Exercise as an adjunct therapy in melanoma patients undergoing checkpoint inhibitor therapy

Author Identifiers

Brendan Crosby


Date of Award


Degree Type

Thesis - ECU Access Only

Degree Name

Master of Medical and Health Science by Research


School of Medical and Health Sciences

First Advisor

Favil Singh

Second Advisor

Daniel A. Galvão

Third Advisor

Robert U. Newton

Fourth Advisor

Dennis R. Taaffe

Fifth Advisor

Elin Gray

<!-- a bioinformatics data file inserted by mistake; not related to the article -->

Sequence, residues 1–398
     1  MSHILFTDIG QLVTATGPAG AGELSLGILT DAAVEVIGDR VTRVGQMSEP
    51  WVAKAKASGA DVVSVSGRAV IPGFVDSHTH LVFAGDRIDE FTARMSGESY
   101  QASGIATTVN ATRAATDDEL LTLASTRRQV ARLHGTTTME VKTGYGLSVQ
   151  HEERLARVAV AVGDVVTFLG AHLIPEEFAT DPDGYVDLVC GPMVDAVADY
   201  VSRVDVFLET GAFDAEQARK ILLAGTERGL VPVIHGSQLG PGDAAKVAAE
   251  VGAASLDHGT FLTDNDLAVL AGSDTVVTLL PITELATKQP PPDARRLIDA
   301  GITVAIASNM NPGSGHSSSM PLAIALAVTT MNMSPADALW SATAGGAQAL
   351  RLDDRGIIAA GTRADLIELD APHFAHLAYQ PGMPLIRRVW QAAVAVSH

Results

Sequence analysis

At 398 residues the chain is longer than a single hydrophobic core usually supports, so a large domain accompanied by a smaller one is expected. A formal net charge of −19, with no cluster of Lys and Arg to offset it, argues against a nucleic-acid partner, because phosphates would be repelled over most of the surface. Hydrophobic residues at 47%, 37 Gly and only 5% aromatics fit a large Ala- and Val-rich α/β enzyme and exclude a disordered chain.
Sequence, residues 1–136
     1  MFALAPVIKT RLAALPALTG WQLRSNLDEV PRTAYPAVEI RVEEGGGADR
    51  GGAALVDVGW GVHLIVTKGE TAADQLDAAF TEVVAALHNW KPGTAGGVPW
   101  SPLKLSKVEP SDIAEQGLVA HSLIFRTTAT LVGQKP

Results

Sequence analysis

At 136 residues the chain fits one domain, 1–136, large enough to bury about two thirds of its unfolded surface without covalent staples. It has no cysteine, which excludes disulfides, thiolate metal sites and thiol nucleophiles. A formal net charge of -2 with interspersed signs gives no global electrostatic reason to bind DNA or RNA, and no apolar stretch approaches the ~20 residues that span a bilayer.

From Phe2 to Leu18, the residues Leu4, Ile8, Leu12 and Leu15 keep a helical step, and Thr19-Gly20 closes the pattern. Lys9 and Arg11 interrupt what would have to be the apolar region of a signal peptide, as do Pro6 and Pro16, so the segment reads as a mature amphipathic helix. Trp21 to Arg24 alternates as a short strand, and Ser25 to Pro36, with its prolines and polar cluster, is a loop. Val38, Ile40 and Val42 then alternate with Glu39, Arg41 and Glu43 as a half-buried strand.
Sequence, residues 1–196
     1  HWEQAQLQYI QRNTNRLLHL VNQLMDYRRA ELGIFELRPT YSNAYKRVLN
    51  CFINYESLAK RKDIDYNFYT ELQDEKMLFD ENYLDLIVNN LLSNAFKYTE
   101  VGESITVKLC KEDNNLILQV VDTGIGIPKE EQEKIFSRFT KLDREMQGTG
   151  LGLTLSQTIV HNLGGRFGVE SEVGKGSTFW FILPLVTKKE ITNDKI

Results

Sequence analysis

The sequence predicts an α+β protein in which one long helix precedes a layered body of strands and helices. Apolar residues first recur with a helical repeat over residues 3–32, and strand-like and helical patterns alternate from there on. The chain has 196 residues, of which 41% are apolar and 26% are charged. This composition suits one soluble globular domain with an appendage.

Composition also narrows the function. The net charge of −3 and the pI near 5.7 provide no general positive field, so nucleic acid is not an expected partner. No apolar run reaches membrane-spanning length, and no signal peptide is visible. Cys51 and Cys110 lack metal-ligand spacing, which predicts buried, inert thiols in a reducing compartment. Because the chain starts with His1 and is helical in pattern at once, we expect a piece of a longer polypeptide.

Extensive research has shown that exercise can improve physical, functional, and psychosocial outcomes during cancer treatment. Despite the prevalence of melanoma, exercise as a therapy in the management of this disease remains understudied and underrepresented in current exercise oncology guidelines. Our systematic literature review identified six studies (882 patients) reporting the effects of physical activity and exercise on objectively-measured and patient-reported outcomes among patients with melanoma. Studies presented heterogeneity of design with two cross-sectional surveys, two retrospective analyses, and two non-randomised intervention trials. Findings from this review indicate that physical activity or exercise did not negatively impact quality of life, objectively measured or patient-reported outcomes in patients with melanoma. In our intervention study, ten patients (5 female, 62.2 ± 13.6 years) with advanced melanoma receiving checkpoint inhibitors completed the 8-week single-group telehealth intervention. Intervention sessions were undertaken three times per week (24 sessions) and included supervised comprehensive balance, aerobic, and resistance exercises. The completion rate was 91%, program attendance 88%, average session intensity 76%, with no severe or life-threatening adverse events. Physical function outcomes, aerobic capacity (17.6%, p < 0.001), lower body power (23.2%, p = 0.006), upper body strength (39.6%, p = 0.010), and balance (3.8%, p = 0.007) improved following the intervention. There was no change in quality of life (p = 0.888) or fatigue (p = 0.440), although the decrease in fatigue [(median and IQR, 44.4 (22.2 – 66.7) to 33.3 (19.4 – 47.2)] was clinically meaningful. These findings show that supervised exercise delivered via telehealth to patients with advanced melanoma receiving checkpoint inhibitors is feasible and can improve physical function. Supervised telehealth exercise is safe and can be delivered by an accredited exercise physiologist to improve physical outcomes and preserve quality of life in patients undergoing checkpoint inhibitor treatment.

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